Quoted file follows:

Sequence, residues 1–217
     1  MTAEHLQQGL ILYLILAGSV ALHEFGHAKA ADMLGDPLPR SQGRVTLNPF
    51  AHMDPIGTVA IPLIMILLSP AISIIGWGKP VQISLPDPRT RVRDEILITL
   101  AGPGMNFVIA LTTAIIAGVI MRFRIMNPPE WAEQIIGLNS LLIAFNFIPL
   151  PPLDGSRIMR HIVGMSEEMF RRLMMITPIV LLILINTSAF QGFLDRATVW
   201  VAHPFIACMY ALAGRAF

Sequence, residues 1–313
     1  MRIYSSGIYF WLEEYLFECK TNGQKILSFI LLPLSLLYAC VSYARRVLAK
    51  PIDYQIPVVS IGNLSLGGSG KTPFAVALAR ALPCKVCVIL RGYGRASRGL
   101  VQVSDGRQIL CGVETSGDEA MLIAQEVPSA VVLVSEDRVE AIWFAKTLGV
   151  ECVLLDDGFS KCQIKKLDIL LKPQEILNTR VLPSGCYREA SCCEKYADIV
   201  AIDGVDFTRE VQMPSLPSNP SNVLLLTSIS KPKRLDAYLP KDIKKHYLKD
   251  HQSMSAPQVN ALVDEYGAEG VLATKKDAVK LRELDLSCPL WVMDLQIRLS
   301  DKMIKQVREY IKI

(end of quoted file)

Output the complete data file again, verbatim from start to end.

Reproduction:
Sequence, residues 1–217
     1  MTAEHLQQGL ILYLILAGSV ALHEFGHAKA ADMLGDPLPR SQGRVTLNPF
    51  AHMDPIGTVA IPLIMILLSP AISIIGWGKP VQISLPDPRT RVRDEILITL
   101  AGPGMNFVIA LTTAIIAGVI MRFRIMNPPE WAEQIIGLNS LLIAFNFIPL
   151  PPLDGSRIMR HIVGMSEEMF RRLMMITPIV LLILINTSAF QGFLDRATVW
   201  VAHPFIACMY ALAGRAF

Sequence, residues 1–313
     1  MRIYSSGIYF WLEEYLFECK TNGQKILSFI LLPLSLLYAC VSYARRVLAK
    51  PIDYQIPVVS IGNLSLGGSG KTPFAVALAR ALPCKVCVIL RGYGRASRGL
   101  VQVSDGRQIL CGVETSGDEA MLIAQEVPSA VVLVSEDRVE AIWFAKTLGV
   151  ECVLLDDGFS KCQIKKLDIL LKPQEILNTR VLPSGCYREA SCCEKYADIV
   201  AIDGVDFTRE VQMPSLPSNP SNVLLLTSIS KPKRLDAYLP KDIKKHYLKD
   251  HQSMSAPQVN ALVDEYGAEG VLATKKDAVK LRELDLSCPL WVMDLQIRLS
   301  DKMIKQVREY IKI